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Conference finances strong in 2005

Conference finances strong in 2005

e-Review Florida United Methodist News Service

Conference finances strong in 2005

Nov. 17, 2005  News media contact: Tita Parham*  
800-282-8011   Orlando {0400}

An e-Review Feature
By Jenna De Marco**

LAKELAND — 2005 remains on track to be a very strong year in terms of Florida Conference finances, according to Treasurer Randy Casey-Rutland.

"Giving to the conference in a variety of ways, which would be through apportionments ... or designated giving, is significantly above recent years," Casey-Rutland said.

Giving to the United Methodist Committee on Relief (UMCOR) in the month of September alone totaled $1.2 million. That amount exceeds the previous seven-year average total giving to UMCOR of about $860,000 per year. Giving designated just for 2005 hurricane relief through September totals more than $1.7 million.

"This is very much event-driven," Casey-Rutland said of the UMCOR giving, adding that natural disasters, such as the hurricanes and the tsunami last December, and events like those of Sept. 11 spur the increased giving.

Several signs indicate good news for conference finances. Actual dollars received for apportionments have outpaced the amounts received in recent years for every month this year, with the exception of May and June.

"Year-to-date through September we typically stand at about 56 percent, but this year we have received nearly 61 percent of apportionments," Casey-Rutland said. "This is a net increase of about 10 percent in giving toward apportionments through September."

Casey-Rutland emphasized the conference usually receives 25 percent to 30 percent of its giving during December and early January.

"I hope this positive trend continues," Casey-Rutland said. "If things continue ... then this will turn out to be a very good year."

Casey-Rutland speculates at least three reasons account for the increased giving.

"One (reason) would be some of the efforts the conference has made to communicate about connectional giving," he said.

The Florida United Methodist Foundation Inc. stepped up its efforts in 2004 to assist in explaining the need for connectional giving, according to the foundation's president, the Rev. Tom Marston.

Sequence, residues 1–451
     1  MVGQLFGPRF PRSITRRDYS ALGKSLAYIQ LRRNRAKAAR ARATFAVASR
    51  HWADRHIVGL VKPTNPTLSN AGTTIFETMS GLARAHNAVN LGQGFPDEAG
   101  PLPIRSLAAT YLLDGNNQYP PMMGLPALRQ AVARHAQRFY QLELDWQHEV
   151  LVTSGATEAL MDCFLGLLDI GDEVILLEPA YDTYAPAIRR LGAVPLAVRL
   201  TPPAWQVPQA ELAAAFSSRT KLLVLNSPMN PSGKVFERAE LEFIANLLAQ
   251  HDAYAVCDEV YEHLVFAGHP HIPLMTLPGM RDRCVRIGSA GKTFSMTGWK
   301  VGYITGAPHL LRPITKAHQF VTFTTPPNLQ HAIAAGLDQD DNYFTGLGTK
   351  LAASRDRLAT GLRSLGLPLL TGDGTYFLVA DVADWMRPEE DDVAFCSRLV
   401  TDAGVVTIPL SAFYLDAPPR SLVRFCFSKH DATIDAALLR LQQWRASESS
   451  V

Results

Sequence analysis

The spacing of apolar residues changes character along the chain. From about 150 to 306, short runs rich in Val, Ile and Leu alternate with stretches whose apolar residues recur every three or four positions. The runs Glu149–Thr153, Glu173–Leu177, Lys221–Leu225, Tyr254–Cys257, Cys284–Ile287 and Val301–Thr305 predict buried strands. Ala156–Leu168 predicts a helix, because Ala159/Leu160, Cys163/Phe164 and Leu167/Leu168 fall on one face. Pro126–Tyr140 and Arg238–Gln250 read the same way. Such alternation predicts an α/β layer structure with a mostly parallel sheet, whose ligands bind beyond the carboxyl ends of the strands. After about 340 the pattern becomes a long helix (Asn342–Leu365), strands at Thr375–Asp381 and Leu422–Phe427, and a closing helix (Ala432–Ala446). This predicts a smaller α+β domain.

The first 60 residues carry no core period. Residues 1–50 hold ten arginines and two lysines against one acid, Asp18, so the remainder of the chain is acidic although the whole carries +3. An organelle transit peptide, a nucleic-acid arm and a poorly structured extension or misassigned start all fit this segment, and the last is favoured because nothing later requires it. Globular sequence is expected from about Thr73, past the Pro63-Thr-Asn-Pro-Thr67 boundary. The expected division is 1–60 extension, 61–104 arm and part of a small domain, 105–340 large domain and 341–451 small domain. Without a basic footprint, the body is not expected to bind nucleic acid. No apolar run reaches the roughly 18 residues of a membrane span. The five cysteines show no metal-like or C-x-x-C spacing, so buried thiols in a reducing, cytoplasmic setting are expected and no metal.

"Last year we agreed with the conference to (help) interpret what connectional giving means, from the smallest effects to the largest," he said.

The foundation conducted educational meetings at every district with representatives from as many local churches as possible to emphasize the variety of reasons for giving. Foundation staff also added more information about connectional giving to the foundation's Web site (, as well as provided churches with a 90-second video about the topic, Marston said.

Casey-Rutland cited changes happening at the conference and district levels, "reorganizing districts and the conference to better serve the local church," as another factor.

"I think people are hopeful that these initiatives will bear fruit for the conference," he said.

A third possible explanation stems from the impact of the 2004 hurricanes.

"Being the body of Christ with a calling in the midst of disaster ... has given clear meaning and motivation to people," he said.

Conference records also show local churches are doing well in meeting such obligations as clergy health, workers compensation, and property and casualty insurance.

"Collectively the district offices have received about $175,000 more in district work fund apportionments and district missions and church extension fund apportionments through September of this year compared to the same time frame in 2004," Casey-Rutland said. "That's good financial news for our districts during this transition year."


This article relates to Connectional Giving.

*Parham is managing editor of e-Review Florida United Methodist News Service.
**De Marco is a freelance writer based in Viera, Fla.